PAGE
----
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Transient Heat Partition Factor For A Sliding Railcar Wheel, T C. Kennedy, C Plengsaard, Robert F. Harder Jan 2006

Transient Heat Partition Factor For A Sliding Railcar Wheel, T C. Kennedy, C Plengsaard, Robert F. Harder

Faculty Publications - Biomedical, Mechanical, and Civil Engineering

During a wheel slide the frictional heat generated at the contact interface causes intense heating of the adjacent wheel material. If this material exceeds the austenitising temperature and then cools quickly enough, it can transform into martensite, which may ultimately crack and cause wheel failure. A knowledge of the distribution of the heat partitioned into the wheel and the rail and the resulting temperature fields is critical to developing designs to minimize these deleterious effects. A number of theoretical solutions have appeared in the literature to model the thermal aspects of this phenomenon. The objective of this investigation was to ...


Cool Flames At Terrestrial, Partial, And Near-Zero Gravity, Michael R. Foster, Howard Pearlman Jan 2006

Cool Flames At Terrestrial, Partial, And Near-Zero Gravity, Michael R. Foster, Howard Pearlman

Faculty Publications - Biomedical, Mechanical, and Civil Engineering

Natural convection plays an important role in all terrestrial, Lunar, and Martian-based, unstirred, static reactor cool flame and low-temperature autoignitions, since the Rayleigh number (Ra) associated with the self-heating of the reaction exceeds the critical Ra (approximately 600) for onset of convection. At near-zero gravity, Ra < 600 can be achieved and the effects of convection suppressed. To systematically vary the Ra without varying the mixture stoichiometry, reactor pressure, or vessel size, cool flames are studied experimentally in a closed, unstirred, static reactor subject to different gravitational accelerations (terrestrial, 1g; Martian, 0.38g; Lunar, 0.16g; a n dr e - duced gravity, ∼10−2g). Representative results show the evolution of the visible light emission using an equimolar n-butane:oxygen premixture at temperatures ranging from 320 to 350 ◦C (593–623 K) at subatmospheric pressures. For representative reduced-gravity, spherically propagating cool flames, the flame radius based on the peak light intensity is plotted as a function of time and the flame radius (and speed) is calculated from a polynomial fit to data. A skeletal chemical kinetic Gray-Yang model developed previously for a one-dimensional, reactive– diffusive system by Fairlie and co-workers is extended to a two-dimensional axisymmetric, spherical geometry. The coupled species, energy, and momentum equations are solved numerically and the spatio-temporal variations in the temperature profiles are presented. A qualitative comparison is made with the experimental results.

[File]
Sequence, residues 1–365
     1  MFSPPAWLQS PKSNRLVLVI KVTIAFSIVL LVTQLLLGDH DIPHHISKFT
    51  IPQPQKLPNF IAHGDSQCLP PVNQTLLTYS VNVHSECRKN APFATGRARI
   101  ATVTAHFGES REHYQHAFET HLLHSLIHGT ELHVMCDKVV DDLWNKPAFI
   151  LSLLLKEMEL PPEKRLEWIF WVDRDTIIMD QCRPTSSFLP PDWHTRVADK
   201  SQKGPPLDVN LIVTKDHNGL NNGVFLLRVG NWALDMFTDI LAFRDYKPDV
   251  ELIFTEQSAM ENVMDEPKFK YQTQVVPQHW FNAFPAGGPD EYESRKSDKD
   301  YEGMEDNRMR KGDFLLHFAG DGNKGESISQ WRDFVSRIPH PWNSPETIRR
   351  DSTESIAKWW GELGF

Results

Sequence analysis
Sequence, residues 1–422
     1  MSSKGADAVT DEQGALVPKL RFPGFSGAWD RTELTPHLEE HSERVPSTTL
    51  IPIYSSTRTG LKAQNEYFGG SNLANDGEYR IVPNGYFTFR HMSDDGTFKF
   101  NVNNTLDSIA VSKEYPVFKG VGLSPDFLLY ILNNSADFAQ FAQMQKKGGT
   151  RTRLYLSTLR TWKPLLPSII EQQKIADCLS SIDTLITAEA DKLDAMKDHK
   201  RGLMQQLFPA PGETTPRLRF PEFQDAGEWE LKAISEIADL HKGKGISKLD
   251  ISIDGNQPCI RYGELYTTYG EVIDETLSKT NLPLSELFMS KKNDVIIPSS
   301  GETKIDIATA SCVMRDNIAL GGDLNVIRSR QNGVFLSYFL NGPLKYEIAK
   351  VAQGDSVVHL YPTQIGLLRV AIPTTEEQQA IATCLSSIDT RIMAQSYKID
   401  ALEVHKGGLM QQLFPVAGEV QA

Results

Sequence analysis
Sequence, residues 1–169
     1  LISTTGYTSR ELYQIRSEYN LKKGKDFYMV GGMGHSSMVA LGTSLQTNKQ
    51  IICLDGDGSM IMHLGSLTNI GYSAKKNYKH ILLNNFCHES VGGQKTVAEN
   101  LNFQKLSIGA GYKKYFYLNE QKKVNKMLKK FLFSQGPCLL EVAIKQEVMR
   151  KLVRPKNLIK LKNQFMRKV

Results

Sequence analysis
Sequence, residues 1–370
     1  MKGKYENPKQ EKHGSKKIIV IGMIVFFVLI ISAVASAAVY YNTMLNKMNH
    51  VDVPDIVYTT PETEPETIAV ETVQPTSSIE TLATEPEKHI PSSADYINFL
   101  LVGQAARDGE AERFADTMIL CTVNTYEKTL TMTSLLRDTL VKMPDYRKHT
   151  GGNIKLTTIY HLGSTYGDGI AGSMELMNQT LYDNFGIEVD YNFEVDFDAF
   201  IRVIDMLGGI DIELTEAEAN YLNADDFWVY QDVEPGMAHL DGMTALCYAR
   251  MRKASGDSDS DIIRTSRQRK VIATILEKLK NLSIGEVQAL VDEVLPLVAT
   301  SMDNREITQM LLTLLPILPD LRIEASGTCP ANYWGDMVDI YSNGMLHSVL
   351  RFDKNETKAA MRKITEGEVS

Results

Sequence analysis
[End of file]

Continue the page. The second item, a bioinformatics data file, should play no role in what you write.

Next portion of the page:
Nonlinear Model Predictive Control Technique For Unmanned Air Vehicles, Nathan Slegers, Jason Kyle, Mark Costello Jan 2006

Nonlinear Model Predictive Control Technique For Unmanned Air Vehicles, Nathan Slegers, Jason Kyle, Mark Costello

Faculty Publications - Biomedical, Mechanical, and Civil Engineering

A nonlinear model predictive control strategy is developed and subsequently specialized to autonomous aircraft that can be adequately modeled with a rigid 6-degrees-of-freedom representation. Whereas the general air vehicle dynamic equations are nonlinear and nonaffine in control, a closed-form solution for the optimal control input is enabled by expanding both the output and control in a truncated Taylor series. The closed-form solution for control is relatively simple to calculate and well suited to the real time embedded computing environment. An interesting feature of this control law is that the number of Taylor series expansion terms can be used to indirectly ...